Produce Aisle Predictions

By Ms. Anna Saffer, Director Of New Product Development, Dunnhumby USA

Consumers want to understand as much as they can about what is going into the products they purchase. While this isn’t a new trend — in fact, recent reports show the concern is relatively widespread in most markets — the desire for consumers to know the origin of their food and the process it goes through on the way to the store or restaurant remains a growing interest. Data leads us to believe that an “open door policy” with food will continue to be a relevant topic for consumers.

With packaged goods, consumers can easily look to nutrition and ingredient labels to clearly and thoroughly understand what is going into the products they buy. For produce it can be a little more complicated as the products often do not come with a tell-all label. Transparency is key with produce. This practice really boils down to not just ensuring the customers feel confident that they’re purchasing responsibly produced food, but rather that they feel the brand is making an effort to try and explain the what, where and how of produce.

In dunnhumby’s annual Food Trend Report, we developed a unique methodology — taking the best of food and culinary trends uncovered through research, online recipes, restaurant menus, industry journals, the news, purchasing behavior, and talking to consumers — and applied a rigorous model to truly understand and predict the big trends of 2015. We wanted a rich historical view and examined up to 5 years of actual purchase data on each of the trends identified. By understanding past performance and current performance, we could better predict the future of the trend.

Our first step was to build a bank of more than 150 food and culinary-related product trends. The trends we looked at stretched wide — from diet specific, such as Paleo; to packaging, such as pouches; from products, like leben (or Israeli-style yogurt); to product claims, such as “free range.”

Once we had a robust list of trends, we wanted to understand the factors that could impact them. We looked at hundreds of variables that were driving growth and could predict future growth. Specifically, we looked at metrics across key driver areas such as Trend Acceptance, Shopper DNA, Proliferation and Digital Footprint.

All this data helped us obtain a good view and identify the trend drivers. By looking at what consumers are actually buying, we were able to reveal changes in behavior.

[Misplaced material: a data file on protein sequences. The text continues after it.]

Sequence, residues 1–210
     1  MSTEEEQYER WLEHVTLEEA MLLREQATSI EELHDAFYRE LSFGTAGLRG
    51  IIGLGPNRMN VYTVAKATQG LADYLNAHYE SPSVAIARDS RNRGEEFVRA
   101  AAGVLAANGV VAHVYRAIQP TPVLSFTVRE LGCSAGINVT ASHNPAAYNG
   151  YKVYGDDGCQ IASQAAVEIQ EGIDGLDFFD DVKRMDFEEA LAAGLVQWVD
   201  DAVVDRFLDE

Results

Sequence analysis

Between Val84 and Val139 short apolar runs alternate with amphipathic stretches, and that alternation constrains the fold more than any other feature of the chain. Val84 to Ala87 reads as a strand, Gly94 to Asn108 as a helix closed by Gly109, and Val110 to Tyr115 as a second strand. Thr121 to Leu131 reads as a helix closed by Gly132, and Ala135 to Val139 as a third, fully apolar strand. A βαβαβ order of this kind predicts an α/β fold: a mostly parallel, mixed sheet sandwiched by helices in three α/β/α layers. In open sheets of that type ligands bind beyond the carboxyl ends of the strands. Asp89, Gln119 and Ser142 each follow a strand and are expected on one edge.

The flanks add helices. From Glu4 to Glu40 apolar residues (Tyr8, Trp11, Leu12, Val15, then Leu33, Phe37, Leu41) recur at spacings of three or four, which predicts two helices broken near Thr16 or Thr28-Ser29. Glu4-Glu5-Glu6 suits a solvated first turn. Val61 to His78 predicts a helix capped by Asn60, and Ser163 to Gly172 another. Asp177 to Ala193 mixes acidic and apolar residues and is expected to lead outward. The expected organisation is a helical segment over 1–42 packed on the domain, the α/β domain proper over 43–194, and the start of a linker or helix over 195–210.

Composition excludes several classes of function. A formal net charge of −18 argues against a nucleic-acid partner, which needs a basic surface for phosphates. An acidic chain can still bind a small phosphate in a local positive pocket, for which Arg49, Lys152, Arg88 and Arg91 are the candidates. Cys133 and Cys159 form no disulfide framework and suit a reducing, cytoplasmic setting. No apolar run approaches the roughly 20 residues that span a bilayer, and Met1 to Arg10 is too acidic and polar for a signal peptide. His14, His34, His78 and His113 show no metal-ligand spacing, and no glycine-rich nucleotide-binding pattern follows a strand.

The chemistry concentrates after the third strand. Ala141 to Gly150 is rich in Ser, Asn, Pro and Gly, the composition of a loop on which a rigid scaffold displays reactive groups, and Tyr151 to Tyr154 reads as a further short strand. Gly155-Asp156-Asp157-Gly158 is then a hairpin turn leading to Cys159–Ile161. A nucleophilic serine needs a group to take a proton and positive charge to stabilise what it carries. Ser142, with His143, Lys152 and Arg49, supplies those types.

Based on our analysis, we identified the big trends we expect to continue to stay on top of consumers’ minds and affect their shopping list in 2015. These trends are Natural Sweeteners, Responsibly Produced, Fermented Foods, Small Batch Goods and Religious Standards. Overwhelmingly most consumers (nearly 80 percent) believed they would engage with these specific trends going forward.

One key theme that emerged was that produce consumers are more interested in supporting the little guy, or in this case local farmers. Some consumers even told us supporting local farmers gave them a sense of nostalgia for a simpler time when people were closer to the production of the food they consume. Many shoppers also equated ‘locally grown’ with the perception of higher quality and/or fresher products.

Consumers value how their products are cultivated in advance of arriving on the grocery shelves. In our Food Trends research, consumers shared sentiments like “It is important to me how my food is raised,” and “Treatment, feed, and conditions are important.” In addition to valuing the treatment of the food they’ll be consuming, shoppers want that to be translated clearly on the product packaging. Unclear labels are a prevalent frustration amongst many consumers; one customer articulated it as, “I would not buy any of the above-mentioned products unless it also said ‘organic.’ Otherwise, all those labels you are stating are meaningless.”

By purchasing sustainable grown foods, consumers felt they were doing something better not just for themselves and their families by monitoring and understanding what they put into the body, but they felt like this benefited the larger environment as well.

While price still remains important to consumers, we have seen a willingness to up-trade for higher quality products. One consumer stated it as “Price is still a factor in my choice, but if I find these products [organic, natural, etc.] at prices that are not totally out of line with traditional grocery prices, then I will buy.”

Consumers are placing a new, and significant, value on these claims of the what, where and how produce is grown and making purchasing decisions to reflect these themes.

The most important area for consumers remains not just what’s trending, but whether they should care about the trend. We believe by grounding innovation in the core values of the brand, consumers can help ensure brands and producers are focusing on the trends that are right for their brand specifically.